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Scientists discover a membrane transport system of bacteria

Researchers from the University Hospital of Bonn and the University of Bonn in collaboration with the University of York studied an important class of bacterial membrane transporters and their interaction with soluble substrate binding proteins. They found that transporter and its substrate binding protein adapt to each other rapidly and that these interactions are crucial for the working mechanism of the transporter system.

Membrane transport mechanisms are crucial for the survival of pathogenic bacteria as they, for instance, allow resistance against the host’s immune system. Thus, it is important to understand the underlying molecular mechanism of bacterial membrane transporters and ultimately to find ways to modulate or block them.

A membrane transport mechanism working like a molecular freight elevator

Pathogenic bacteria such as Haemophilus influenzae use tripartite ATP-independent periplasmic (TRAP) transporters to facilitate the uptake of sialic acid into the bacterial cell. Sialic acid is a small sugar molecule that is abundant in our tissues. H. influenzae bacteria can harvest the sialic acid and incorporate it into their own cell wall, thereby camouflaging themselves from the host’s immune system. The TRAP transporter comprises of two transmembrane domains that span the inner membrane of the bacterium and is supported by a substrate binding protein (SBP). Once the SBP encounters a sialic acid molecule, it undergoes a large conformational change, tightly binds the sialic acid and transports it to the TRAP transporter. In the next step, the transporter grabs the sialic acid from the SBP and translocates it across the membrane into the bacterial cell.

The TRAP transporter system can undergo distinct conformational changes

Each of the two proteins can adopt two different conformational states, the open- and closed state of the SBP and the inward- and outward-facing state of the transporter. The research team led by PD Dr. Gregor Hagelueken from the Institute of Structural Biology at the University Hospital of Bonn who is supported by the ImmunoSensation2 Cluster of Excellence and the Transdisciplinary Research Area (TRA) “Life & Health” suspected that there is a ”conformational coupling” between the TRAP transporter and its SBP, meaning that the closed state of the SBP selectively recognizes the inward-facing state of the transporter, while the open state of the SBP preferably interacts with the outward-facing state of the transporter. The team was able to lock both the transporter and its SBP in their conformational states by employing disulfide engineering and found that TRAP transporter and SBP could indeed recognize the conformational state of the other.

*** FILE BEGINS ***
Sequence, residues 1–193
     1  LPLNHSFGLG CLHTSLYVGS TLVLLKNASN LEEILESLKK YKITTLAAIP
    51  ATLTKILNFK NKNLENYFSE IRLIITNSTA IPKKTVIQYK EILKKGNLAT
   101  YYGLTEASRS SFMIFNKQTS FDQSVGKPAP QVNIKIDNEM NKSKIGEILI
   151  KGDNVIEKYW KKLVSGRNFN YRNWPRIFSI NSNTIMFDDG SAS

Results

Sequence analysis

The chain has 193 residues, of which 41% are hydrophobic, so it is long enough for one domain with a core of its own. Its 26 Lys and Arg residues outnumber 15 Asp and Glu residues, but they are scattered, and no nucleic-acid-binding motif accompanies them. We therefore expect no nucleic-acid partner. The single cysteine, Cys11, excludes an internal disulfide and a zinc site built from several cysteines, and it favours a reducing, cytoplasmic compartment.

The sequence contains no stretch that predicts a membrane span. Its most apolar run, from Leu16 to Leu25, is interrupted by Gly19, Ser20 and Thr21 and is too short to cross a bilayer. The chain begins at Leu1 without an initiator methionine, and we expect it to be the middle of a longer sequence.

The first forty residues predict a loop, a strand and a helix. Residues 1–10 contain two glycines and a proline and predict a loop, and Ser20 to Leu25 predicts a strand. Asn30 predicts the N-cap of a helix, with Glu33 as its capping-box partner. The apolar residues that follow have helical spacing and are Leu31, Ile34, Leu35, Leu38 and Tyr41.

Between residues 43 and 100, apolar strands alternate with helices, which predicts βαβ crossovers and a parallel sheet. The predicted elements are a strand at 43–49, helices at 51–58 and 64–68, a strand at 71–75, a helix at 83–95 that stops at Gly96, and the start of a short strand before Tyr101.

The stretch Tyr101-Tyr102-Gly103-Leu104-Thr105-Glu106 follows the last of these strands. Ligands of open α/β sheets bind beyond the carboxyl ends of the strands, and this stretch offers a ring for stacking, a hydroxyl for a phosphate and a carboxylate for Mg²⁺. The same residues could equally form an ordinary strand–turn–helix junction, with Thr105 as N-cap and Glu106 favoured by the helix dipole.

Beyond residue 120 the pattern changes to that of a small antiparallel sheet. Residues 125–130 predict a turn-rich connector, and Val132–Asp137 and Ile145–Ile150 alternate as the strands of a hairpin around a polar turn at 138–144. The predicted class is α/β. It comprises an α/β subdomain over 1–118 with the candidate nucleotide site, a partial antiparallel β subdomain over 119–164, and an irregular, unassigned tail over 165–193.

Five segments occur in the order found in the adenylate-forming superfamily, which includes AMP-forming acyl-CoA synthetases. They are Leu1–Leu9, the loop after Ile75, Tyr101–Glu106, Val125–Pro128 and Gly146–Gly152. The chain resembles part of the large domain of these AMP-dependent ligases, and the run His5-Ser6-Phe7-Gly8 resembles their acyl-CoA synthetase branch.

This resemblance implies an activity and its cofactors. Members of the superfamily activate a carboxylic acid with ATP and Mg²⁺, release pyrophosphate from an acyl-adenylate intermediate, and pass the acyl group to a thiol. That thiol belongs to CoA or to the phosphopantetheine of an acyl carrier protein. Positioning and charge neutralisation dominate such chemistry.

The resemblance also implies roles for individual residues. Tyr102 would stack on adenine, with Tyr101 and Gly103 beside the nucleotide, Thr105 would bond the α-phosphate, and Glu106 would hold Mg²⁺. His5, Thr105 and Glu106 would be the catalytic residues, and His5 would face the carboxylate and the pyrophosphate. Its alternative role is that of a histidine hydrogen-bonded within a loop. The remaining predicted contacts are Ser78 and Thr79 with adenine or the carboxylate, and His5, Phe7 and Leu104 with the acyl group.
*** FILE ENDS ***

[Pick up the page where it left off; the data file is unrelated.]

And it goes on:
By using biophysical and structural biology experiments, as well as advanced microscopy techniques provided in collaboration with Prof. Dr. Ulrich Kubitscheck from the Clausius Institute of Physical and Theoretical Chemistry at the University of Bonn, it was possible to precisely observe the working mechanism of TRAP transporter and the SBP. The researchers incorporated the TRAP transporter into artificial membranes and employed single-molecule fluorescence microscopy to observe the interaction between TRAP transporter and SBP in real time, giving insights into the working principle of the transporter system.
The interesting study was recently published in Nature Communications and sheds light on the structural properties and therefore the working mechanism of SBP-dependent bacterial membrane transport systems.

Scientists from the University Hospital Bonn and the University of Bonn discover an important membrane transport mechanism in pathogenic bacteria. PD Dr. Gregor Hagelueken (left) and Philipp Hendricks (right) are part of the research team.
Scientists from the University Hospital Bonn and the University of Bonn discover an important membrane transport mechanism in pathogenic bacteria. PD Dr. Gregor Hagelueken (left) and Philipp Hendricks (right) are part of the research team.
© Photographer UKB Alessandro Winkler


Martin F. Peter, Jan A. Ruland, Yeojin Kim, Philipp Hendricks et al. (2024)

Conformational coupling of the sialic acid TRAP transporter HiSiaQM with its substrate binding protein HiSiaP

Nature Communications



PD Dr. Gregor Hagelueken

Institute of Structural Biology
University Hospital Bonn (UKB)
Immunosensation2 Cluster of Excellence & TRA "Life & Health" at University of Bonn

Phone: +49 (0)228 287-51200

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